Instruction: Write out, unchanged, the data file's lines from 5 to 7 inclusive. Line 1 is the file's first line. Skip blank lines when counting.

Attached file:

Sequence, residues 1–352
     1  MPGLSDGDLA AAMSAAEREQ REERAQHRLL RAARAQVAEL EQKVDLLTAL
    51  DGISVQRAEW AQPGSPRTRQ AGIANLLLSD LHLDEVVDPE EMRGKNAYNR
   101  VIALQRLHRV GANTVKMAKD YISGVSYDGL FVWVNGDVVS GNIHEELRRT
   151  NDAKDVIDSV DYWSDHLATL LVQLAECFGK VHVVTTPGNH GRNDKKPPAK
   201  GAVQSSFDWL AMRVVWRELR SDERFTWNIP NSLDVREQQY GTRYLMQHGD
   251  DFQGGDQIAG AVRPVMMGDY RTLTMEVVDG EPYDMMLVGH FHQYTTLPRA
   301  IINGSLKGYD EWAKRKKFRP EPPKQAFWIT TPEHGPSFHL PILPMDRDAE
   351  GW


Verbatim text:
   151  NDAKDVIDSV DYWSDHLATL LVQLAECFGK VHVVTTPGNH GRNDKKPPAK
   201  GAVQSSFDWL AMRVVWRELR SDERFTWNIP NSLDVREQQY GTRYLMQHGD
   251  DFQGGDQIAG AVRPVMMGDY RTLTMEVVDG EPYDMMLVGH FHQYTTLPRA